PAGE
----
When definite agreement on manner of payment essential? – As a consensual contract, a contract of sale becomes a binding and valid contract upon the meeting of the minds of the parties as to the price, despite the manner of payment, or even the breach of that manner of payment. It is not the act of payment of price that determines the validity of a contract of sale.
Montecillo vs Reynes – 385 SCRA 244
When definite agreement on manner of payment essential? Although the law does not expressly state that the minds of the parties must also meet on the terms or manner of payment of Art. 1197. If the obligation does not fix a period, but from its nature and the circumstances it can be inferred that a period was intended, the courts may fix the duration thereof. The courts shall also fix the duration of the period when it depends upon the will of the debtor. In every case, the courts shall determine such period as may under the circumstances have been probably contemplated by the parties. Once fixed by the courts, the period cannot be changed by them.
Lagrimas Boy vs CA – 427 SCRA 196
The finding of the MeTC, sustained by the Court of Appeals, is that the continued occupation by petitioner of said property after the sale, without payment of rent, was by mere tolerance. Private respondents claimed that petitioner requested for time to vacate the premises and they agreed thereto because they did not need the property at that time. However, when private respondents were asked to vacate their rented residence, they demanded that petitioner vacate the subject property, but petitioner refused to do so. A person who occupies the land of another at the latter’s tolerance or permission, without any contract between them, is bound by an implied promise that he will vacate the same upon demand, failing which a summary action for ejectment is the proper remedy against him.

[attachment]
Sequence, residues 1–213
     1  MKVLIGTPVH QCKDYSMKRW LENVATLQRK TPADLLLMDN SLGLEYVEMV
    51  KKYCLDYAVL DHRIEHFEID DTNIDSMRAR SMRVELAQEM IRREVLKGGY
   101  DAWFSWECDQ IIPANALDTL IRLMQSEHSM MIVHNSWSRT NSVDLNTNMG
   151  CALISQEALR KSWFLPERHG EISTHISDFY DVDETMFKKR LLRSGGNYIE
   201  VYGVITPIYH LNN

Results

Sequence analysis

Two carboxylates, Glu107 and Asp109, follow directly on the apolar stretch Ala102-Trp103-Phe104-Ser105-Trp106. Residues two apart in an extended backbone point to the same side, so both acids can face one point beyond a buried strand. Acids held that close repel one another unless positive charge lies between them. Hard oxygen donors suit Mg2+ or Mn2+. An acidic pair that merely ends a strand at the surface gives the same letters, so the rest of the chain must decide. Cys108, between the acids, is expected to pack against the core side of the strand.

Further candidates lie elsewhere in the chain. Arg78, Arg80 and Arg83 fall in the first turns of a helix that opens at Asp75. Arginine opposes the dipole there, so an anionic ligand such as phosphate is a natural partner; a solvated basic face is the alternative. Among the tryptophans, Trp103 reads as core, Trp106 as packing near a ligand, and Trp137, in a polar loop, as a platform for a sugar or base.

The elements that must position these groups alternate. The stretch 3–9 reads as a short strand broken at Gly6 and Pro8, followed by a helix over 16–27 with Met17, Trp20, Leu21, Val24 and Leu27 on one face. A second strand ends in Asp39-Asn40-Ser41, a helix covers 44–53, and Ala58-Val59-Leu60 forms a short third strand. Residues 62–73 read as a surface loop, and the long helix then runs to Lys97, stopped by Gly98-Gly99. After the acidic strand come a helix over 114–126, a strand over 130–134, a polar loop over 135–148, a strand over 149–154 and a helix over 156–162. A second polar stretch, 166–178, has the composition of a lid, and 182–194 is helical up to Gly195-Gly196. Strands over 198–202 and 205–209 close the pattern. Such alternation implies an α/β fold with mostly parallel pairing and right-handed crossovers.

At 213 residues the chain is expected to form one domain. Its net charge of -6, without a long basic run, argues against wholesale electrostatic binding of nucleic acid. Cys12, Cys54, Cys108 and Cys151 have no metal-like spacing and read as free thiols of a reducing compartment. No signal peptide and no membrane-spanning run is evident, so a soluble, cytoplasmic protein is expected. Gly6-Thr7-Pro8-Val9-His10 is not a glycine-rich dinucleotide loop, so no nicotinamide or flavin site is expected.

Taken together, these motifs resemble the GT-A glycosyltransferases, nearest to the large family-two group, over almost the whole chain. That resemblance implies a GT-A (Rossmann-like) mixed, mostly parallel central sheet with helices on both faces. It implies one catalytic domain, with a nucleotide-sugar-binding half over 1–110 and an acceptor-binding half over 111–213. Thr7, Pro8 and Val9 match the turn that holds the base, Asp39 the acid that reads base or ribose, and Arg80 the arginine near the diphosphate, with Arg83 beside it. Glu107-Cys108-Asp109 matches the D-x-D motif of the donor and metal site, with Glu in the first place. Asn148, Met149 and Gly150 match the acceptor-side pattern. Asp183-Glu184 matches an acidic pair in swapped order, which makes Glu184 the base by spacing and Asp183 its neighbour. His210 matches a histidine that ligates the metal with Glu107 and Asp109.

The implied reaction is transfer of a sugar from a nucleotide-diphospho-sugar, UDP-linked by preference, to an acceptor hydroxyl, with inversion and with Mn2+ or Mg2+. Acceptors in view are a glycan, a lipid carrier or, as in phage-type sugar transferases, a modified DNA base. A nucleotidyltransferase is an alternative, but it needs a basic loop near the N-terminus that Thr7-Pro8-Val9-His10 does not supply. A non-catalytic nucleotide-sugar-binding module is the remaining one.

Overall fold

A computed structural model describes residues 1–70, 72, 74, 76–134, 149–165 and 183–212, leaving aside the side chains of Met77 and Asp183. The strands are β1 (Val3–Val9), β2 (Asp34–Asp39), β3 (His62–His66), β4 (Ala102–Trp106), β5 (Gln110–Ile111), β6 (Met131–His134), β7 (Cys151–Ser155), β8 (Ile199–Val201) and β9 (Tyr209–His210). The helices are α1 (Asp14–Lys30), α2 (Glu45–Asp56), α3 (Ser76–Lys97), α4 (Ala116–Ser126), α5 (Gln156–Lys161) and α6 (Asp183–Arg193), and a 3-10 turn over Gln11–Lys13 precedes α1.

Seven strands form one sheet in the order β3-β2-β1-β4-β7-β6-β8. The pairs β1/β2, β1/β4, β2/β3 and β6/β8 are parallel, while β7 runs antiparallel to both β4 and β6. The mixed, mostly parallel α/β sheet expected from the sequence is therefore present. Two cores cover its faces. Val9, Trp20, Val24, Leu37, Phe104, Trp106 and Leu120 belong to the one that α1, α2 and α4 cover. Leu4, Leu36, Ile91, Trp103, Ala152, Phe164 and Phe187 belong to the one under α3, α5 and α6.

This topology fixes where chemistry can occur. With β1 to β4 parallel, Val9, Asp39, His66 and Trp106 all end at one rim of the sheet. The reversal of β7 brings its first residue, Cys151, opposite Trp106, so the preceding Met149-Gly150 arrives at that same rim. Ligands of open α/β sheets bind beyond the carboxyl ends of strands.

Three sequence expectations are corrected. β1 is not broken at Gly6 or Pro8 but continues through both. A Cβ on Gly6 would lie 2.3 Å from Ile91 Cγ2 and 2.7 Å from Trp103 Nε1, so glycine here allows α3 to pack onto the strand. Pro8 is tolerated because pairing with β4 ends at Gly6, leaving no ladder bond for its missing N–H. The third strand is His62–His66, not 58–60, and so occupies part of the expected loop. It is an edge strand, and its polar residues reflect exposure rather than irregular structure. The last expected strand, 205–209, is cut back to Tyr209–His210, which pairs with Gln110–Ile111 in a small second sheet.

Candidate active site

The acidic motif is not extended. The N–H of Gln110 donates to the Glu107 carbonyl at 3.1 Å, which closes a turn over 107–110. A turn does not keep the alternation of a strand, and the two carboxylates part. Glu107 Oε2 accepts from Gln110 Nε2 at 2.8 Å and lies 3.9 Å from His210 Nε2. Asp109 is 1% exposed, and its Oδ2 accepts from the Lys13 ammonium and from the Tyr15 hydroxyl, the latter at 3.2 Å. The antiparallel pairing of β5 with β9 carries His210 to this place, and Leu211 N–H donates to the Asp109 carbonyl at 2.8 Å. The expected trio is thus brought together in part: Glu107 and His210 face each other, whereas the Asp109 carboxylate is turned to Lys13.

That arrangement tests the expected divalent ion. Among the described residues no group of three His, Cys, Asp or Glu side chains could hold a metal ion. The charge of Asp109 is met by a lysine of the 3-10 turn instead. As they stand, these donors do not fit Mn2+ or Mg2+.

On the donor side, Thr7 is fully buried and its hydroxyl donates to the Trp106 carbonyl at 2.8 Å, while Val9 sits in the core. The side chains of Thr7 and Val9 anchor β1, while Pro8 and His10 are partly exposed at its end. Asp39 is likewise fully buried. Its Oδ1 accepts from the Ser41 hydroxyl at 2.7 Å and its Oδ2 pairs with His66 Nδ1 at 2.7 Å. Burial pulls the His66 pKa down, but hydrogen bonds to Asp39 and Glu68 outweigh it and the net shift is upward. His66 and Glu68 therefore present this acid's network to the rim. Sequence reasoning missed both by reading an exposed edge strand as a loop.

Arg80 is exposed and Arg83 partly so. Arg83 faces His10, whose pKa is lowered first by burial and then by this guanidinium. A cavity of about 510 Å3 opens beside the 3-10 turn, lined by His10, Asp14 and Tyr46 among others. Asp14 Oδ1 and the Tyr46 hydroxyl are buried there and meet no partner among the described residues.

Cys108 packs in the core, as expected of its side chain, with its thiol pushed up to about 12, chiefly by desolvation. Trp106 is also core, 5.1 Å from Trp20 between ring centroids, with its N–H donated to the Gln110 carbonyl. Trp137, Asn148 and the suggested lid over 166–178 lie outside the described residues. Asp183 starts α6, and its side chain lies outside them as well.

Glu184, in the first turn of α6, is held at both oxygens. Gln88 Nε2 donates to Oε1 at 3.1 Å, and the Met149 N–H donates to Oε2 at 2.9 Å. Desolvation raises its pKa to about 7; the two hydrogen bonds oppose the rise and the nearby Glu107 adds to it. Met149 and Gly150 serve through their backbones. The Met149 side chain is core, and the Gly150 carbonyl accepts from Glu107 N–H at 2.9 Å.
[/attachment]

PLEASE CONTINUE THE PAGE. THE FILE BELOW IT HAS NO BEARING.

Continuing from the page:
Ownership of thing transferred by delivery – This is true even if the purchase has been made on credit. Payment of the purchase price is not essential to the transfer of ownership, as long as the property sold has been delivered.
Union Motor Corp vs CA – 361 SCRA 506
In all forms of delivery, it is necessary that the act of delivery, whether actual or constructive, should be coupled with the intention of delivering the thing sold. The act without the intention is insufficient; there is no tradition.
Adelfa Properties Inc vs CA – GR 111238
Exceptions to the rule – (1) Contrary stipulation. — The ownership of things is transferred by delivery, and not by mere payment. However, the parties may stipulate that despite the delivery, the ownership of the thing shall remain with the seller until the purchaser has fully paid the price. (see Art. 1503.)
In other words, non-payment of the price, after the thing has been delivered, prevents the transfer of ownership only if such is the stipulation of the parties. This stipulation is usually known as pactum reservati dominii or contractual reservation of title, and is common in sales on the installment plan.
A contract which contains this kind of stipulation is considered a contract to sell. The agreement may be implied.
Litonjua vs L&R Corp – 328 SCRA 796
Nature of option contract.
(1) An option is a contract. It is a preparatory contract, separate and distinct from the main contract itself (subject matter of the option) which the parties may enter into upon the consummation of the option.
(2) It gives the party granted the option the right to decide, whether or not to enter into a principal contract, while it binds the party who has given the option, not to enter into the principal
Ang Yu Asuncion vs CA – 238 SCRA 602